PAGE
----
thingfor you to consider here is the fact that both measures are changing. You are more familiar with making fixed comparisons; eg, for a given measure you compare a (single) mean for a group to the (single) mean of another group.The nature of relationships between variables may be complex- but the simplest type is a linear relationship – as one variable changes there is a proportionate change in the other. When you plot one versus the other, a straight line results. The “straightness” of a line, or the fit of a line to data, is called linear regression – and Excel does it for you on the press of a button!

1. CONSTRUCT A SCATTER PLOT – select the appropriate data array in excel and then select

scatter plot2. EDIT THE EXCEL GRAPHING OPTIONS FROM THE DROP DOWN choices– choose no lines, then right click data series, add trendline, add R2 .... voila, EXCEL has done all of the work for you. You now need to explain what it means.

The statistical measure is called the

correlation coefficientand is represented by the letter R2. As said, Excel calculates if for you.Correlation is a statistical measurement of the relationship between two variables. Possible correlations range from +1 to –1. A zero correlation indicates that there is no relationship between the variables. A correlation of –1 indicates a perfect negative correlation, meaning that as one variable goes up, the other goes down. A correlation of +1 indicates a perfect positive correlation, meaning that both variables move in the same direction together.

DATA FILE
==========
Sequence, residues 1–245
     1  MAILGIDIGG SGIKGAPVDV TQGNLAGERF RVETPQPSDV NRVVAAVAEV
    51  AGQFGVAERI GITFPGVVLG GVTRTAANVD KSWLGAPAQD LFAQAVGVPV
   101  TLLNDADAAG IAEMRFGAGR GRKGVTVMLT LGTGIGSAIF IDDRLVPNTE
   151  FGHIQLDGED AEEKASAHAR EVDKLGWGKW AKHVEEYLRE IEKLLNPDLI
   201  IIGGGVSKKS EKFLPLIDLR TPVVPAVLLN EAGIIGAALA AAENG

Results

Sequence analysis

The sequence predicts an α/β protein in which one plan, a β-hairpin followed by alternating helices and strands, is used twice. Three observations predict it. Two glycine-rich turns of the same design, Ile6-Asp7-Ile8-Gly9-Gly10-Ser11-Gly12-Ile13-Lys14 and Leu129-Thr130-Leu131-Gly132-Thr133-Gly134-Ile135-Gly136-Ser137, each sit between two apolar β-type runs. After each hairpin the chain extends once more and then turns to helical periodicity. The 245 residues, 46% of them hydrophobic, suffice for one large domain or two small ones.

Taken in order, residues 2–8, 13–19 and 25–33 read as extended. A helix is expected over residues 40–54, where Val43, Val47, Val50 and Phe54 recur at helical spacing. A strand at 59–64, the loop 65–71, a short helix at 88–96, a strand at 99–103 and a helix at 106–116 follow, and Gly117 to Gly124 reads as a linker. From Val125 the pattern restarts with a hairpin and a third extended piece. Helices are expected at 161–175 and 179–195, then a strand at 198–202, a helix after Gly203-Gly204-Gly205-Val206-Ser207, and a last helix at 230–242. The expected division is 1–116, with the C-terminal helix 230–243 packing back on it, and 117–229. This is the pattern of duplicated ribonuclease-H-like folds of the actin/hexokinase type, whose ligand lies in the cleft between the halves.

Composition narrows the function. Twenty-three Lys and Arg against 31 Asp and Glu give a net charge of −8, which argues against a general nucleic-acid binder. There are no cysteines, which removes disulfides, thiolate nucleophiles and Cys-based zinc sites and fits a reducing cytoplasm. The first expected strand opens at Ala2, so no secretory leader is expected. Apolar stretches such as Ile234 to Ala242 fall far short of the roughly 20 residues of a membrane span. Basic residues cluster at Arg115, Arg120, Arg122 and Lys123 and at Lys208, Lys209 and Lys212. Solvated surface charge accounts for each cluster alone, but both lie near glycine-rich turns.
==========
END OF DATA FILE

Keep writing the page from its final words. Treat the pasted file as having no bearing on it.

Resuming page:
Just a simple rule of thumb for the present, if a R2 is between -0.6 and +0.6 then there is probably no statistically significant correlation (or the data is poor, not enough data, outliers, etc). By the way, an R2 of greater than 0.8 or less than -0.8 is a very significant correlation (1, or -1 is a perfect correlation).

Summary 2009 2010 Persuasion Project Data Incl Linear regression.xlsx

Not for the Research Report but a Formative activity to do during the holidays.

Visit your local video store for: The Devil Wears Prada

This is a worksheet to complete while/after watching the movie.